Absoutely nothing. Fortunately for me as it's dry season the rapids weren't too scary, in fact in parts we had to wade as the water was so low. I must admit I didn't do too much wading, I left that to my wonderful guide Pon. The reason for this was not that I didn't want to get wet and ruin my outfit, but for the fact that I didn't have appropriate shoes to get out into the water (the day before I'd sustained a rather nasty graze on my perfectly-pedicured little toe). My seemingly unsuitable outfit was actually far more appropriate than any outdoor getup as it dried off in the sun far quicker than those silly slacks where you can zip off the bottoms to reveal a pair of even more hideous shorts. They are surely the most unfashionable clothing invention ever, apart from the awful fishmen's pants which you see every other traveller wearing. Yes I know the trouser-come-shorts are designed for practicality not catwalk glamor, but rather smugly I can report that my companions were kayaking in cold, wet clothing the next day, whereas I was dry as a bone.

Anyway I digress, back to the kayaking. The scenery was incredible - traditional village life was taking place in a spectacular mountainous backdrop as we meandered along the clear waters of the river. We saw young boys fearlessly spear fishing, rugged fishermen huddled around makeshift fires on the shore, wrinkled old women smoking pipes, pretty fresh-faced women sewing in the villages, dusty children playing and chattering farmyard animals galore. I cannot express enough what an enchanting two days it was, made even better with a few thrills of the rapids along the way. AND I never fell out, which two of my "experienced" kayakers did.

The hills and valleys of Northern Laos are sparsely populated with a hotchpotch of ethnic groups from all over South east Asia, each having their own language, culture and traditions. The area we visited is home to the Khamu and Lantern hilltribes who were most welcoming. I found the Lantern tribe the most endearing; they seemed the most unaffected by Western ways. Their clothing was distinctive and interestingly the women keep their eyebrows shaved to show that they are married. Give me a wedding band any day. They found us equally as fascinating, for although they see many trekkers, we are still a source of curiosity and sometimes great amusement. You have to get used to being stared at, just as we at times were staring at them in amazement. I met a lovely old women who moved places just so she could sit opposite me and stare for what seemed liked hours. The many creases in her crumpled face must be able to tell so many tales - if only we could've communicated. I reckon she must have been impressed with my outfit though. I bet the women of the village are copying the look as I write. Keep a look out for the next Lonely Planet Laos, where the author describes traditional tribes trussed up in 1950's starlet dress.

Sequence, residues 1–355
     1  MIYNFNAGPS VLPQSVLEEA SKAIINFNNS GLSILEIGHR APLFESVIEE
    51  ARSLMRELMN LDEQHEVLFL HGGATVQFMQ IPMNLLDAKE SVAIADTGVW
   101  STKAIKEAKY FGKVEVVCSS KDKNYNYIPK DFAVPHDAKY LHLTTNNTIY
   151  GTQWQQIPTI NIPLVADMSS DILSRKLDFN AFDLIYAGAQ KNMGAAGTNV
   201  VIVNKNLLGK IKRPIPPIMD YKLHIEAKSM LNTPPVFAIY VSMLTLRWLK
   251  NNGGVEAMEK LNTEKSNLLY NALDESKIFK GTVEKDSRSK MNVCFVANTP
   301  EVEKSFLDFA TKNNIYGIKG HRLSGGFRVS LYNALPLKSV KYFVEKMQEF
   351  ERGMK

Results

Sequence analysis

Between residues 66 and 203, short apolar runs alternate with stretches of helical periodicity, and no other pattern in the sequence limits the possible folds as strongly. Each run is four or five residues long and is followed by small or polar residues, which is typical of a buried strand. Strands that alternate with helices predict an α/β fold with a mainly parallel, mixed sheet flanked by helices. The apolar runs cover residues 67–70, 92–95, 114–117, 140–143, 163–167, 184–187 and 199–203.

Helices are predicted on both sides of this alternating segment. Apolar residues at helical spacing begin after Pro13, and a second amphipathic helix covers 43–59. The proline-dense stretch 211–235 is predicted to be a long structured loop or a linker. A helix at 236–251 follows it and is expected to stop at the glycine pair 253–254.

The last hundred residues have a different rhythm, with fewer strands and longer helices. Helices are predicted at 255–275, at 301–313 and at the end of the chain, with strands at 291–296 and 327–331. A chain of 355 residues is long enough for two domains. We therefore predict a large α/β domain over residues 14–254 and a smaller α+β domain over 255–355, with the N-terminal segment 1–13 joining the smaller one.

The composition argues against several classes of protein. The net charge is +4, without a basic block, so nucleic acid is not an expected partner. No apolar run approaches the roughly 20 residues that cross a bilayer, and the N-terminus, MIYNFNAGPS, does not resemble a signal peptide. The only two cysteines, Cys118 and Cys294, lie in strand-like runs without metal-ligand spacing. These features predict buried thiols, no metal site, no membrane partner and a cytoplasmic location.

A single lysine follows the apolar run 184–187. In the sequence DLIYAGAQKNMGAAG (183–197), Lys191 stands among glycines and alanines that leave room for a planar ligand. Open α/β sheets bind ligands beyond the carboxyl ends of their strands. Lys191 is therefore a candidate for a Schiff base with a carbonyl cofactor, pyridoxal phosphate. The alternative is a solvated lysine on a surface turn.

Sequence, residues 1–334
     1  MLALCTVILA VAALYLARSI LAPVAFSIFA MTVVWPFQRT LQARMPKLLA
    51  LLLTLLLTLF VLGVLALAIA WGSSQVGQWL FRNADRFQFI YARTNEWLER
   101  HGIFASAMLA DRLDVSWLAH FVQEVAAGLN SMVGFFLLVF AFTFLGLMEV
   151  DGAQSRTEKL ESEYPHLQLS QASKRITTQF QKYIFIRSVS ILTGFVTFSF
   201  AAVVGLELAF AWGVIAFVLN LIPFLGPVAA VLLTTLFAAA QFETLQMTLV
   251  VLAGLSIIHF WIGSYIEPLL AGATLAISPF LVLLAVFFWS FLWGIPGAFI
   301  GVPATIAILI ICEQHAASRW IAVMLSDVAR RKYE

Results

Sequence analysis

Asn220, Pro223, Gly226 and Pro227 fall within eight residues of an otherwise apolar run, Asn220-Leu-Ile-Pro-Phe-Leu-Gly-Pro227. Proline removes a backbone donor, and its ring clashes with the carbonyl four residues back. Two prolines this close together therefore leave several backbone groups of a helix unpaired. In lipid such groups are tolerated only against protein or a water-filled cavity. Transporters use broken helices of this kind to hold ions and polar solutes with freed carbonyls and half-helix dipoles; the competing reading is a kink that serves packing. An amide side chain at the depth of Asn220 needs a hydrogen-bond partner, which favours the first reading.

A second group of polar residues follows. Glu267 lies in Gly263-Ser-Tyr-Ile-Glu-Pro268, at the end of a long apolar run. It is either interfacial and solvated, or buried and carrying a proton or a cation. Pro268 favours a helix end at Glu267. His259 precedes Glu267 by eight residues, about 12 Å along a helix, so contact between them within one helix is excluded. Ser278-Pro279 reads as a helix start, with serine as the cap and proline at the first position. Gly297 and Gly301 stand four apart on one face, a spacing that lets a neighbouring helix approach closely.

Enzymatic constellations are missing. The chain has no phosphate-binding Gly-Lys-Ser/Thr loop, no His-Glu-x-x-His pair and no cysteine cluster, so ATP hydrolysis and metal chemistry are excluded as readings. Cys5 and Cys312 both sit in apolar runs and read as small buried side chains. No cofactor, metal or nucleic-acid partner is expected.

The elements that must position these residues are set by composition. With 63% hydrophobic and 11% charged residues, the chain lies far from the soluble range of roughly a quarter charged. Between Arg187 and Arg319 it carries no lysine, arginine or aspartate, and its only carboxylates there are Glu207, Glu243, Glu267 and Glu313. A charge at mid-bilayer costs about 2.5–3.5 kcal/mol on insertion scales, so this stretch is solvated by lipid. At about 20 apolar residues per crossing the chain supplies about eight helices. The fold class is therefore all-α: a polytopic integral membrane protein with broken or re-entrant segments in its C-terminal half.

Our home for the night was a basic bamboo hut at the edge of the river, next to a ramshackle Khamu village. Our guides cooked the most delish traditional Laos food over an open fire. We ate tender, smoked BBQ buffalo, spicy Lao salad, sticky rice, piquant roasted aubergine stew and a mediterranean-tasting tomato sauce. Yum. One guide, Su, persisted with his fishing until we had fresh river fish - the freshest fish I have ever eaten - it went straight from the river to the BBQ. The guides are jack of all trades. They are accomplished chefs, builders, fishermen, musicians, kayakers....... The list is endless, so different to many young people at home who cannot boil an egg, never mind skin a chicken (or a civet cat - we didn't eat one but we saw the discarded fur next to the tell-tale cinders of a fire and our guide explained what had been cooked there). Waking up to the dawn chorus of scores of frogs and forest birds was beautiful. It was slightly chilly, but the guides were on hand with a cup of coffee and a wonderful breakfast to give us energy for the second day of kayaking. Paradise.

I've been told that my next stop, Chaing Rai in north Thailand, is rather touristy, so I have decided to stay another day in Laos. I'm reluctant to end this enchanting fairytale life I am living, so I'm going further north to see if I can get a homestay, before an early start at the market in Muang Sing. My guide recommended it as the best way to see the many ethnic groups come together in one place. He also recommended a great place to eat dog. There's no accounting for taste, but I simply cannot bring myself to chow down on a cute canine. Eating a Babe look-a-like is bad enough, but I draw the line at a hairy hound. Besides, Scamp would never forgive me.